Negative black-and-white thinking about your art can be harmful to your confidence and future art-making practice. While you may think labelling the art as “rubbish” or “bad” is stating the obvious, it could be blinding you to all the positive aspects of your art. Whatever your brain focuses on expands therefore looking at only “negative” aspects of your art, they will appear bigger, especially with similar repeated thoughts over time.
Kevin Gyoerkoe and Pamela Wiegartz talk about this extreme viewpoint in 10 Simple Solutions to Worry: “All or nothing thinking, or black-and-white thinking means viewing things in extreme categories. For example, you might describe a presentation you gave as “perfect” or “horrible.” Instead of a more balanced, reasoned view, you overlook the shades of gray, the subtleties of life, and force experiences into either-or categories (ie. describing yourself as “irresponsible” if you overlook a task or calling yourself a “failure” if you don’t meet an important personal goal.”
If by giving yourself constructive feedback you feel encourage to continue practicing then that’s great. But if you feel disheartened by your own feedback—especially if it’s black and white thinking—look for the more neutral “grey areas” instead. If you’re unable to find any small areas of the art you like, can you find one positive aspect? One specific line or dot? You can’t notice what you don’t look for. And “perfect” art is overrated. If we could do it perfectly instantly, we’d get bored very quickly. There’d be nothing new to learn and no joy from each step of growth accomplished over time. Look for the grey and let go of the pressure for your art to “be better” than it is right this moment.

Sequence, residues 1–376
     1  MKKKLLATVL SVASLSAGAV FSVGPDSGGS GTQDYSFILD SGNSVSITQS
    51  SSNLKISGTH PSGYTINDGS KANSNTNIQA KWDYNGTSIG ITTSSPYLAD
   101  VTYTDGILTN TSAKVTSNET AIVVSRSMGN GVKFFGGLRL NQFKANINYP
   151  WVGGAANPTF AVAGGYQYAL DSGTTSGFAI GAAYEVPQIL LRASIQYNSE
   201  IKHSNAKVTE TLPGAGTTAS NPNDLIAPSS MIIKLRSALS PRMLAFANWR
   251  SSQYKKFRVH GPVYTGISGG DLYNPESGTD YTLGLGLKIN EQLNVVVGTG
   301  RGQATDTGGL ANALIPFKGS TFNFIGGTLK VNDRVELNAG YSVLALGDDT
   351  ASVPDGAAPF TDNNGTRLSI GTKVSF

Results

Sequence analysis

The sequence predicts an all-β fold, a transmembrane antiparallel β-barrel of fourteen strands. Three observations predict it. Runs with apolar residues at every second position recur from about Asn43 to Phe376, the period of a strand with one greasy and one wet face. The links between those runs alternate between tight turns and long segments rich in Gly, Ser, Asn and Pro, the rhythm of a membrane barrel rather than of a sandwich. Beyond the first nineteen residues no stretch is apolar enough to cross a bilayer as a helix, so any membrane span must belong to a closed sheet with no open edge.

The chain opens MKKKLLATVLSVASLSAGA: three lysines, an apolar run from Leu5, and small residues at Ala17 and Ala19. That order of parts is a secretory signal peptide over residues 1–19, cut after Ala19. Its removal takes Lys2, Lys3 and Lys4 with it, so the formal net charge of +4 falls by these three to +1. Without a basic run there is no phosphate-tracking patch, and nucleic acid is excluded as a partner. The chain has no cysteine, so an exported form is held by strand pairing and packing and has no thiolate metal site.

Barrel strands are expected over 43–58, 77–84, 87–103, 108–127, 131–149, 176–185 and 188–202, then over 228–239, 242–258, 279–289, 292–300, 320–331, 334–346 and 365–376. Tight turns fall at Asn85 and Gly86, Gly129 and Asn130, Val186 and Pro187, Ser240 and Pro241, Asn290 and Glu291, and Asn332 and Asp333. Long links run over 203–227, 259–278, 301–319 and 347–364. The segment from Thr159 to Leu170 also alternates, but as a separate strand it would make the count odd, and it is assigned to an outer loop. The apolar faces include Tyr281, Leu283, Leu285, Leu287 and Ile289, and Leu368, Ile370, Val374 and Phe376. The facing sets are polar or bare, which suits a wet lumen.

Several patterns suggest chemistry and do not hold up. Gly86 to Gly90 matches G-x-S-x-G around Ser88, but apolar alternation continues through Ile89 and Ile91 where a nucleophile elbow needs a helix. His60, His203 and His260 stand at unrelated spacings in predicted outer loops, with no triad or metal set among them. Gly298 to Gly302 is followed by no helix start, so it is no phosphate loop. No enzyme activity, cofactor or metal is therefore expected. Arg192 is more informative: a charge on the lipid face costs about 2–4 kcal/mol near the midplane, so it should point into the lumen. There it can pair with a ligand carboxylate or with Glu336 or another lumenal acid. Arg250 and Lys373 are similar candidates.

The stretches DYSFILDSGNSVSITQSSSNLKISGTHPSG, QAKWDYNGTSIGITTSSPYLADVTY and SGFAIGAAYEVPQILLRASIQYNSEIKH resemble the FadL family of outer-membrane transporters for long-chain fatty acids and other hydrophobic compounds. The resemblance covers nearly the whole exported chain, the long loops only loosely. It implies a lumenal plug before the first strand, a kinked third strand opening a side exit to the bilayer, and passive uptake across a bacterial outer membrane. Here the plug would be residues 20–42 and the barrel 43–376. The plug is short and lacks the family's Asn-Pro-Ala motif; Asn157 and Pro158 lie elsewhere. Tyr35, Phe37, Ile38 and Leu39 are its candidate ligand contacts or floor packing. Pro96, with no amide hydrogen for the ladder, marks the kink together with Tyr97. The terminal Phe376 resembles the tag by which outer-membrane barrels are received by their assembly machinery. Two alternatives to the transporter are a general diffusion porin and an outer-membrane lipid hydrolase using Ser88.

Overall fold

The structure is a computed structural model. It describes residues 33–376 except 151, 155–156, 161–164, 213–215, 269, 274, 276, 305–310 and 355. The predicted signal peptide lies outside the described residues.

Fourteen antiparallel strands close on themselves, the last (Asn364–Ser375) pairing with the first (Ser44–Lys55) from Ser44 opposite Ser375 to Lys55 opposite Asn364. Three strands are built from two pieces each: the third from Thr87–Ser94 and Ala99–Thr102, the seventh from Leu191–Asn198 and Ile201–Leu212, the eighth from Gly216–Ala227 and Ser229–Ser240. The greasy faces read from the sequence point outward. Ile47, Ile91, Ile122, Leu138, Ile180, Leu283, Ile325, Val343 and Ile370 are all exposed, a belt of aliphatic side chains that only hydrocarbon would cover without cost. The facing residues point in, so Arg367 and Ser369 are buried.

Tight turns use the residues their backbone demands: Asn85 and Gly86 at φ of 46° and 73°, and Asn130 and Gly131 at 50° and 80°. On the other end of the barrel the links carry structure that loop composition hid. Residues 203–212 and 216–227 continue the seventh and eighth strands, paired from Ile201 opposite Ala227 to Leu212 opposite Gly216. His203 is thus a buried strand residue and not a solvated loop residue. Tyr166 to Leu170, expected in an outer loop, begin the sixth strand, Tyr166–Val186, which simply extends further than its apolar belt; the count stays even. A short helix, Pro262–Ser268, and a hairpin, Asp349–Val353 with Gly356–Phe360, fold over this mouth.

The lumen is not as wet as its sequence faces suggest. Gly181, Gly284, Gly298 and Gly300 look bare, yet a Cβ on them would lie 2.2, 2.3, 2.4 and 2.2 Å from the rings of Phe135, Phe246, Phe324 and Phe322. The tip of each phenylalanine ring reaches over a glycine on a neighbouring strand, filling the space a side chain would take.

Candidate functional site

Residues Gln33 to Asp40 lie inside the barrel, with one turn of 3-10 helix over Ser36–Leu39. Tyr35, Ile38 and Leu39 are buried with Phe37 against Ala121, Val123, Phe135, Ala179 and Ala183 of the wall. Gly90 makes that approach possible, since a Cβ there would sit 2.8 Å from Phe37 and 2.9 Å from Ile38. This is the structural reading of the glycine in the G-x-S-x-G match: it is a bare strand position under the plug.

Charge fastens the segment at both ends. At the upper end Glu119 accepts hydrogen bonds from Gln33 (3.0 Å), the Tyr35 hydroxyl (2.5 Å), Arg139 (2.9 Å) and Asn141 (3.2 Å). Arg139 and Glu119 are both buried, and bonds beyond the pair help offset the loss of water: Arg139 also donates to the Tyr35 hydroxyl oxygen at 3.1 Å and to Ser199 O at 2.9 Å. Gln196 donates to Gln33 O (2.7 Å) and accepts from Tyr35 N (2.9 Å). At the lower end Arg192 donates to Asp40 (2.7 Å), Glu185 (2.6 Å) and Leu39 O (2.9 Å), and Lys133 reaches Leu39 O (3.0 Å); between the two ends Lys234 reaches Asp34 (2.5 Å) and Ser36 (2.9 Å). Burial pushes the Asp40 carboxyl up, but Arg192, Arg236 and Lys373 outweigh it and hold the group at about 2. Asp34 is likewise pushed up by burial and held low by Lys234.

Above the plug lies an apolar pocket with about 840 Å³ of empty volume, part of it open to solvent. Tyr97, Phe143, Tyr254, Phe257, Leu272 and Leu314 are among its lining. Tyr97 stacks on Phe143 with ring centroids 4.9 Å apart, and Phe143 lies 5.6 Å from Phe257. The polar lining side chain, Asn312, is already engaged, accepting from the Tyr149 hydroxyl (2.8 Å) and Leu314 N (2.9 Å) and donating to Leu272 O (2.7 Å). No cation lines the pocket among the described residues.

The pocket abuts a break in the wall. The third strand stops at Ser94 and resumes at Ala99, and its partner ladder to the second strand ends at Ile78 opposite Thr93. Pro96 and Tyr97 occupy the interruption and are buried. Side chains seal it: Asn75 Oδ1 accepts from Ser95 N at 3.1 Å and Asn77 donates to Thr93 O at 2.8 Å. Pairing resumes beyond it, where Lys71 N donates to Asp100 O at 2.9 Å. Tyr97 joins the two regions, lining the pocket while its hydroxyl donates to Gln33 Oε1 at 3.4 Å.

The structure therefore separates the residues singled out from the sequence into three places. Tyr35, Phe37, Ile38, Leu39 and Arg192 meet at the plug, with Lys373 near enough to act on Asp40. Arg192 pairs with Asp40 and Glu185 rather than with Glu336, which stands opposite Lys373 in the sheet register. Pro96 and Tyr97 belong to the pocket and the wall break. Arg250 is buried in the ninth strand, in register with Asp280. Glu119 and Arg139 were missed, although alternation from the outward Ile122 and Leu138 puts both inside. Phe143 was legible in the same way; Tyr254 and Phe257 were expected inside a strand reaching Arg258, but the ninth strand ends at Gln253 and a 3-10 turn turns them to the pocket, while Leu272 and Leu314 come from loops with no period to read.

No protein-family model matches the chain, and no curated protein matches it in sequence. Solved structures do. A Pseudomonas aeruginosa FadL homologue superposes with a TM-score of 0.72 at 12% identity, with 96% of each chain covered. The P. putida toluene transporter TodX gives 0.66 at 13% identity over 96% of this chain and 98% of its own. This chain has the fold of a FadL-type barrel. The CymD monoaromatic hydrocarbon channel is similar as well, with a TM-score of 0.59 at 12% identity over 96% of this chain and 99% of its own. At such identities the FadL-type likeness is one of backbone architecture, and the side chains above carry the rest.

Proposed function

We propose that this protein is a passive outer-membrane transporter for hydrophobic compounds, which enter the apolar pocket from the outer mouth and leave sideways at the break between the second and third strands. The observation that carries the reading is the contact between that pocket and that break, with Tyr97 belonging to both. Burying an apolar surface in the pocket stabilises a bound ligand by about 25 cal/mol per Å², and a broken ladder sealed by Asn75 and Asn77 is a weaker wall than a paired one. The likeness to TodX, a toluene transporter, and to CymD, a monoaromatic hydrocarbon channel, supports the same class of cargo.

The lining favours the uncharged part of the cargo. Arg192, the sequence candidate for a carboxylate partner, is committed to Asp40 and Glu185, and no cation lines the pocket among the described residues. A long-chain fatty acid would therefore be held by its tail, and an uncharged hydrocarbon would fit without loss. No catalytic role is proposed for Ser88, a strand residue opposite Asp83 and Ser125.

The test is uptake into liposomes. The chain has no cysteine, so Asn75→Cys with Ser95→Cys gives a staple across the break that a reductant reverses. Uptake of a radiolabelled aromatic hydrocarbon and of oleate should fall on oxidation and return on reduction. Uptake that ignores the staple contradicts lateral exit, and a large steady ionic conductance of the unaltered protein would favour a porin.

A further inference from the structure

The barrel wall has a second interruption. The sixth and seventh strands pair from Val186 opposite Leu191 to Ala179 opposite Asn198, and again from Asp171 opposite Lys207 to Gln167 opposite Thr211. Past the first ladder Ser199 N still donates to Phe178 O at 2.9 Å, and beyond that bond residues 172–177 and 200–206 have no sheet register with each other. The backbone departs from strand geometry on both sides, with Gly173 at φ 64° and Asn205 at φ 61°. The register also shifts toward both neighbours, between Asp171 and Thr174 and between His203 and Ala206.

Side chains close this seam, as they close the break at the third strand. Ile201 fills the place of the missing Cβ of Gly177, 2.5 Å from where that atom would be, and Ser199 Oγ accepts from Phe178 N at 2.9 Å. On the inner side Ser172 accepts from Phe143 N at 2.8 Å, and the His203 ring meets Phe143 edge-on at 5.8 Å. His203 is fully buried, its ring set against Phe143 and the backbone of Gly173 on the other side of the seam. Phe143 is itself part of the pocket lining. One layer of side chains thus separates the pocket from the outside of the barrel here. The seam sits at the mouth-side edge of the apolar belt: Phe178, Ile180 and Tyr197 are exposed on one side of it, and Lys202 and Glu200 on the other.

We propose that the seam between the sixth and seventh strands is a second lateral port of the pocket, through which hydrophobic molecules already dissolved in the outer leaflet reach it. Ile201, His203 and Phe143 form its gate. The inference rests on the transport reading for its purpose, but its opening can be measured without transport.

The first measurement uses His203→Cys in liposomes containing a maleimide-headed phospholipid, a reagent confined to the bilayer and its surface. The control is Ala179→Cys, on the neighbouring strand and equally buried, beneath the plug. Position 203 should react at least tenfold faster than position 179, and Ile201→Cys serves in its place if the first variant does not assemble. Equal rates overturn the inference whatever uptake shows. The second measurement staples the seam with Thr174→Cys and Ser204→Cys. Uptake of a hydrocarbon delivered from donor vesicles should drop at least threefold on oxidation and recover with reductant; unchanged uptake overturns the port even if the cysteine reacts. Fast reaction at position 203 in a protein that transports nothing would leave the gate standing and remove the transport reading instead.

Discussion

As an artist—whether amateur, hobbyist, professional or master—growth always follows practice. But when most of that growth cannot be seen, measured or quantified, it’s easy to feel discouraged if it feels like minimal growth has taken place. Choosing only to measure your growth by likes, comments, clicks or positive feedback and you miss out on internal markers of growth such as growing confidence, having more peace when making or increased enthusiasm to practice. These are harder to quantify, but will ultimately provide you with more nourishing feedback about your growth and progress. Feelings cannot be turned into data but are far more important than a metric number of likes. Growth IS constantly occurring, in tiny micro increments over time.